Have you got the right? Putting human rights on the agenda (without putting people to sleep)

A new video series is helping to educate the public about human rights without putting them to sleep. Marius Smith from the Castan Centre for Human Rights Law at Monash University explains how and why

‘How do we educate the public on human rights?’ It’s a question that we’re constantly asking ourselves at the Castan Centre.

As an academic research centre based at Monash University, teaching and research naturally come first for our academics. But as human rights experts, we have to make our work accessible to policy makers and the general public. There are two keys to tackling this dilemma.

First, you must find the right platforms. The mainstream media remains as important as ever, but social media can have great benefits for an organisation – we currently use TwitterYoutubeFacebookLinkedIn and two blogs (our policy blog and our interns blog).

The second key is the tricky one – presenting your work in a way that the average person both understands and wants to read, listen to or watch. We like to think we’ve become good at it – our Tweets are engaging, our Facebook posts succinct but informative and our blogs written in plain English. But we’re always trying to improve.

A very particular human rights dilemma

We got the ultimate chance to put our skills into action when tackling a particularly Australian dilemma – public apathy about human rights. The problem came to our attention when the National Human Rights Consultation Committee, set up by the former Labor Government, recommended that Australia adopt a federal Human Rights Act (currently only Victoria and the ACT have such laws). After a delay of some months, the Government decided not to accept the Committee’s recommendation.

At first glance, the decision seemed mystifying. The Committee had received a then-record number of submissions in favour of an Act and its public polling backed up the proposed law’s popularity – only 14% of people were opposed to it. And yet considerable pressure from a relatively small group of opponents was sufficient to kill the idea off.

When scouring the Committee’s report, we found the key to understanding what had happened – most of those in favour of human rights lack detailed knowledge about them. Without detailed knowledge it is unlikely that they will really understand how important they are.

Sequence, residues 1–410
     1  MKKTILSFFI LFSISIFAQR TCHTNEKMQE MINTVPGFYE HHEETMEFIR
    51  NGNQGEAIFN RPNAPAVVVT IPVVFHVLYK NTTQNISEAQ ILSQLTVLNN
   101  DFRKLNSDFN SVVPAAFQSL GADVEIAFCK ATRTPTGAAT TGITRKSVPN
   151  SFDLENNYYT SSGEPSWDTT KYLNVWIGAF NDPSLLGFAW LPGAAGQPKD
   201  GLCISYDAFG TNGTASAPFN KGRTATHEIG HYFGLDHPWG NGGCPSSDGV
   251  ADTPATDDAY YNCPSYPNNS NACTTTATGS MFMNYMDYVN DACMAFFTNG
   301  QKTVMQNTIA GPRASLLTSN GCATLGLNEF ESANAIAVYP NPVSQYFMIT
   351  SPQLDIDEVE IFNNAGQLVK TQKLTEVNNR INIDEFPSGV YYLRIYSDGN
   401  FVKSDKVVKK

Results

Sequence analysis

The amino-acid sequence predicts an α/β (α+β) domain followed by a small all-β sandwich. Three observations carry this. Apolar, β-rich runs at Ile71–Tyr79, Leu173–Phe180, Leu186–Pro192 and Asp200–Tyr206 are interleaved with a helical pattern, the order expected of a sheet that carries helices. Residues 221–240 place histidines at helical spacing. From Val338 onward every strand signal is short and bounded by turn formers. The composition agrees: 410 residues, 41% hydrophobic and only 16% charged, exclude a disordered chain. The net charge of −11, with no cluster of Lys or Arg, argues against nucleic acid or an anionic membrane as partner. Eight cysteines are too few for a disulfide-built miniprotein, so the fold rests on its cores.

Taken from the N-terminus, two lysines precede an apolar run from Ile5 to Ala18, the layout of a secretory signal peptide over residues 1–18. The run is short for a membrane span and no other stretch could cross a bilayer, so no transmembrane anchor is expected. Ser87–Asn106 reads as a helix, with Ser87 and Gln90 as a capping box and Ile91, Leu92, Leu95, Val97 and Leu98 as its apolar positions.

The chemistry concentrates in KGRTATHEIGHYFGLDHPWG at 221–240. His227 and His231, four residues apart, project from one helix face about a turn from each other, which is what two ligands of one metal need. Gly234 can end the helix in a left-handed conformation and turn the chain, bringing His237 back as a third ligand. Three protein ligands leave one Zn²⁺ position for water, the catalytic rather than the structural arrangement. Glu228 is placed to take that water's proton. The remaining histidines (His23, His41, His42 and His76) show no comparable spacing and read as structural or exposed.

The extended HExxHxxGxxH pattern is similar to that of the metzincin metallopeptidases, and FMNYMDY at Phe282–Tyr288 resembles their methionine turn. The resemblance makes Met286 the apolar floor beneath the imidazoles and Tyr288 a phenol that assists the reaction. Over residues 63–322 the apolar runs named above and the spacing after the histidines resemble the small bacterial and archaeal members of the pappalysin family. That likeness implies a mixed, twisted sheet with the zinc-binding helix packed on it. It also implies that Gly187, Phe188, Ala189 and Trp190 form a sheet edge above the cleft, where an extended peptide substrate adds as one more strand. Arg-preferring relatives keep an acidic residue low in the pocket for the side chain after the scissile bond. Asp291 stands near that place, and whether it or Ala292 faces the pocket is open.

And yet human rights laws are important, even in this prosperous country. Since the introduction of Victoria’s Charter of Human Rights and Responsibilities Act in 2006, social welfare organisations, community legal centres and others have successfully used the Charter to help the most vulnerable people including people with a disability, those with mental health illness and public housing residents. This report by the Human Rights Law Centre uses case studies to illustrate how the Charter has helped vulnerable people.

So, we asked ourselves, how can we educate the public, in very simple ways, about what human rights are and why they’re important? By answering the question, a video project was born.

Have You Got That Right?

The aim of Have You Got That Right? is to put rights in context by referring to topical issues rather than simply trying to explain each human right. So, instead of asking “what is the right to non-discrimination?” we ask “is there a right to marriage equality?” Instead of asking “What is the right to privacy?”, we are ask “do I have a right to be free from government surveillance?”, and so on.

That’s the first step to creating an engaging product – getting the topic right. Naturally the next step is to create something that people want to watch. That was made much easier by the incredible pro bono support we received from film and television veterans such as our producer Robert Hall, composer Guy Gross and the animation company Jumbla, as well as our writing team and numerous actors and crew.

The final product involves a number of five-episode series, each with a different theme. Series one and two blend comedy with serious academic content, and so far nine of the ten episodes have been released (episode 10 – is there a right to vote? – will be released in early June). It’s a fun format – fast paced, humorous (we hope) and informative.

And, for those who want more information, we have a website featuring resources on each topic targeted at both adults and secondary school students.

This more engaging approach draws on our experience of “applied learning”: by putting information in context, we make it easier to understand and use. We aim to make it possible for anyone who watches these videos to join in a conversation on privacy, asylum or prisoners’ rights, to name a few of our topics.

The response

Since the launch, we’ve had a fantastic response from schools, human rights organisations and the general public. For example, the ACT Human Rights Commission intends to use the videos in their training courses, and school teachers plan to use them in class. Since our launch, there have been over 25,000 page views on the website and over 10,000 views on YouTube. As the resource grows, so will the constituency. And, if all goes as planned, Have You Got That Right? will help to create a more educated community of human rights supporters in Australia.